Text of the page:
3 BOLLINGER ME., ARREDONDO-VEGA FX., SANTISTEBAN I., SCHWARZE K., HIRSHFIELD MS., LEDERMAN HM. Brief report: hepatic dysfunction as a complication of adenosine deaminase deficiency. N. Engl. J. Med., 1996, 334, 1367-71.        [ Links ]

4 FAGAN DL., SLAUGHTER CA., CAPRA JD., SULIVAN TJ. Monoclonal antibodies to immunoglobin G4 induce histamine release from human basophil in vitro. J. Allergy Clin. Immunol., 1982, 70, 399-404.        [ Links ]

5 FOZARD JR., PFANNKUCH HJ., SCHUURAM HJ. Mast cell degranulation following adenosine A3 receptor activation in rats. Eur. J. Pharmacol., 1997, 298, 293-7.        [ Links ]

6 FREDERIKSEN S. Specificity of adenosine deaminase toward adenosine and 2'-deoxyadenosine analogues. Arch. Bichem. Biophys., 1966, 113, 383-8.        [ Links ]

7 HIRSCHHORN R. Immunodeficiency disease due to deficiency of adenosine deaminase. In: OCHS HD., SMITH CIE., PUCK JM. Eds. Primary immunodeficiency disease: a molecular and genetic approach. New York: Oxford University Press, 1999: 121-38.        [ Links ]

8 HOFFMAN DR., WOOD DL., HUDSON P. Demonstration of IgE and IgG antibodies against venoms in the blood of victims of fatal anaphylaxis. J. Allergy Clin. Immunol., 1983, 73, 193-6.        [ Links ]

9 JACKSON MA., BAI TR. The role of adenosine in asthma. In: JACOBSON KA., JARVIS MF. Eds. Purinergic approaches in experimental therapeutics. Danvers: Wiley-Liss, 1997: 315-31.        [ Links ]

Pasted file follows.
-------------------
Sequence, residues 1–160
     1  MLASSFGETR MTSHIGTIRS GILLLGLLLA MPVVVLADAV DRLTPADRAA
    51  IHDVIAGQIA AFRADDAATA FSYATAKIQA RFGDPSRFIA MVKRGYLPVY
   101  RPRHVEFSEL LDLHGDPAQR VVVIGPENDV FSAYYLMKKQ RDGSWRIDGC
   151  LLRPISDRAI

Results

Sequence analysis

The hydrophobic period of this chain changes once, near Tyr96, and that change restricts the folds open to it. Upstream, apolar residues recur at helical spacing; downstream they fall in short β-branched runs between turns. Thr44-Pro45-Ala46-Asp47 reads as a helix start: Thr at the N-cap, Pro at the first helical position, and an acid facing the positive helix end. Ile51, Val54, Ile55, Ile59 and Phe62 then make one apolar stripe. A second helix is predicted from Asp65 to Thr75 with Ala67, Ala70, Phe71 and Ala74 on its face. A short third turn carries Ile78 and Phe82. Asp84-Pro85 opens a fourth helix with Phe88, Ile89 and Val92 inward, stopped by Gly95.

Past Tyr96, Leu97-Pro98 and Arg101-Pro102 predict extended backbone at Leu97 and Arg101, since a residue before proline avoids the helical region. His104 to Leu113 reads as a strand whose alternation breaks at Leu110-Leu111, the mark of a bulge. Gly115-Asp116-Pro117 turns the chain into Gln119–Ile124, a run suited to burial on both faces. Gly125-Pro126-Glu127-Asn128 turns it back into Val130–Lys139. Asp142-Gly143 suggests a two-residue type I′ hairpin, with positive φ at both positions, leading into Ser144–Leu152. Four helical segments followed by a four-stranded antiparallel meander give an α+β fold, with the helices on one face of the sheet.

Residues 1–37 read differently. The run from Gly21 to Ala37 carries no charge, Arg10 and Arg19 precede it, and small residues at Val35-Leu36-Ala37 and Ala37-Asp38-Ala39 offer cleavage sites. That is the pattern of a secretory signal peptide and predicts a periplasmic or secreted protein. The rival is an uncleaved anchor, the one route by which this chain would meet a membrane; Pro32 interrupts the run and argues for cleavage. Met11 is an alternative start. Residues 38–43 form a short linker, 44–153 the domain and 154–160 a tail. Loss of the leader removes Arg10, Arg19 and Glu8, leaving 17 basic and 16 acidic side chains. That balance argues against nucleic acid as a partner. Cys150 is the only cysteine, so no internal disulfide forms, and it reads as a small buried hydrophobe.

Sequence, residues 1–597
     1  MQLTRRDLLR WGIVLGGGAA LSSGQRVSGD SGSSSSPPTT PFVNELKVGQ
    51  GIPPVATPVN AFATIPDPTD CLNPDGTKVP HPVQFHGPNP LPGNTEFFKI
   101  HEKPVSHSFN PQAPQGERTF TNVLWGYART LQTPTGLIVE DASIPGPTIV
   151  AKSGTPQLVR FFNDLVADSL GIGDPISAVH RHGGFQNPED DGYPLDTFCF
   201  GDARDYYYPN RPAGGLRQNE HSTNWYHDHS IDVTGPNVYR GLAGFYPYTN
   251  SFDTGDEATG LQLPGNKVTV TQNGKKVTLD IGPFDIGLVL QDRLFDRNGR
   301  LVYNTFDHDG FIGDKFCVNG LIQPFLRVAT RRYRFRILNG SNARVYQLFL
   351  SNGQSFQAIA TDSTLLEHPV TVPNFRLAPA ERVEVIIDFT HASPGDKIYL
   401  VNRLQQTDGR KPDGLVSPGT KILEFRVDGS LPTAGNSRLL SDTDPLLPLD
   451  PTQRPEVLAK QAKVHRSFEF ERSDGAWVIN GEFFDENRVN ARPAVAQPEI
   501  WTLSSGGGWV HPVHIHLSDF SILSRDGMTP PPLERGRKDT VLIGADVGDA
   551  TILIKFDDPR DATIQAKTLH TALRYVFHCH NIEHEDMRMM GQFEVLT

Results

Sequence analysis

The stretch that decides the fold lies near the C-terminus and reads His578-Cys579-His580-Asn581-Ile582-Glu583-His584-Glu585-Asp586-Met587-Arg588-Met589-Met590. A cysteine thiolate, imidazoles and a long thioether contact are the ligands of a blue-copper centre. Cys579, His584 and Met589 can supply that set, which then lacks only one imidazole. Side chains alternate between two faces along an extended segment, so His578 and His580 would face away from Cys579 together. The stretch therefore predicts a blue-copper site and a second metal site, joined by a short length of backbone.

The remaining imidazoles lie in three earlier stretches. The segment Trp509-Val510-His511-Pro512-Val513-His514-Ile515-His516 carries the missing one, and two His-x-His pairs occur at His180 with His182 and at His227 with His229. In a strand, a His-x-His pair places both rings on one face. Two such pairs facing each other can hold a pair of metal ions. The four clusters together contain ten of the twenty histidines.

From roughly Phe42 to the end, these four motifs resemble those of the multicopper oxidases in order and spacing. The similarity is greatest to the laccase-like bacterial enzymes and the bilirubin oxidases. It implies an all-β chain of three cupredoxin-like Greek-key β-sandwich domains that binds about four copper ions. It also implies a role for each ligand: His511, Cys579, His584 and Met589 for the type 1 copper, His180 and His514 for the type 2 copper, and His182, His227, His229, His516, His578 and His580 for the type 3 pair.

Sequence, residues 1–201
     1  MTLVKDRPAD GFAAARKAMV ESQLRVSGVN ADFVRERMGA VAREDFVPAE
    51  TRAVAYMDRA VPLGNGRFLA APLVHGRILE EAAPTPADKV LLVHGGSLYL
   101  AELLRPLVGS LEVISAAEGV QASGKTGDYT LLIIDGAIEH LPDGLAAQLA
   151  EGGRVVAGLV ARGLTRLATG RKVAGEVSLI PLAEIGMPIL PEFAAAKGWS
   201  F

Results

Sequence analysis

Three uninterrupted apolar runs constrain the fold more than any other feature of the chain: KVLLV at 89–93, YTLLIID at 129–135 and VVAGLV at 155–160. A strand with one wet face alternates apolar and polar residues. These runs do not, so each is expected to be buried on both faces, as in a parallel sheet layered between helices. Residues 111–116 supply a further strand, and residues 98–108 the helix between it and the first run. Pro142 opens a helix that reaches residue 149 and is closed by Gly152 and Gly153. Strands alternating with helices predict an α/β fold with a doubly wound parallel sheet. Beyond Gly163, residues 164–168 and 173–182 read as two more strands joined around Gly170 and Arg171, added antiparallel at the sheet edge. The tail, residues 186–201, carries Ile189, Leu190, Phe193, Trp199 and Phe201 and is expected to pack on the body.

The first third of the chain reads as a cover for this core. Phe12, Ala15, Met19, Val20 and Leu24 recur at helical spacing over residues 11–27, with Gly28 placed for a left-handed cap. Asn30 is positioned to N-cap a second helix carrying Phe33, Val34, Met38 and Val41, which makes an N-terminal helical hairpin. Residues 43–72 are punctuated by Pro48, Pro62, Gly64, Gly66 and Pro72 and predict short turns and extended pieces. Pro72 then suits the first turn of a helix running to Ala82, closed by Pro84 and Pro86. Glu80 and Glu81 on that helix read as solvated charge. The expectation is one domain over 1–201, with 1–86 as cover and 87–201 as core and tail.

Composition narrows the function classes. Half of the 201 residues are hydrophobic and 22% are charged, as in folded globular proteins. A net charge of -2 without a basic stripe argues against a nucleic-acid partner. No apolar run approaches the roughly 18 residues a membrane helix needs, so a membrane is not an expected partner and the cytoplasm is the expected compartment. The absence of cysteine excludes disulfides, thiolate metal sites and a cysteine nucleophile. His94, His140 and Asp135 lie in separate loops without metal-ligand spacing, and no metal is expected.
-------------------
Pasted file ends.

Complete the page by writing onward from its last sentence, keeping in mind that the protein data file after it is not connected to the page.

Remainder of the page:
10 KEMENY DM., LESSOF MH., PATEL S., YOULTEN LJ., WILLIAMS A., LAMBOURN E. IgG and IgE antibodies after immunotherapy with bee and swap venom. Int. Arch. Allergy Appl. Immunol., 1989, 88, 247-9.        [ Links ]

11 LIPPS BV. Anti-lethal factor from opossum serum is a potent antidote for animal, plant and bacterial toxins. J. Venom. Anim. Toxins, 1999, 5, 56-66.         [ Links ](SciELO)

12 LIPPS BV. Small synthetic peptides inhibit, in mice, the lethality of toxins derived from animal, plant and bacteria. J. Venom. Anim. Toxins, 2000, 6, 77-86.         [ Links ](SciELO)

13 LIPPS BV. Isolation of subunits, a, b and g of the complex taipoxin from the venom of Australian Taipan snake (Oxyuranus s. scutellatus): characterization of beta taipoxin as a potent mitogen. Toxicon, 2000, 38, 1845-54.         [ Links ]

14 LIPPS BV. Decreased levels of nerve growth factor in organs of mice as a consequence of sub-lethal injection of cobra venom. J. Nat. Toxins, 2001, 10, 283-90.        [ Links ]

15 LIPPS BV. Sub-lethal injection of cobra venom decreased levels of adenine deaminase, histamine and IgE in organs of mice. J. Venom. Anim. Toxins, 2002, 8, 60-73.         [ Links ](SciELO)

16 LIPPS BV. Restoration of nerve growth factor in organs of mice injected with cobra venom followed by specific treatment and reversal period. J. Nat. Toxins, 2002, 11, 87-93.         [ Links ]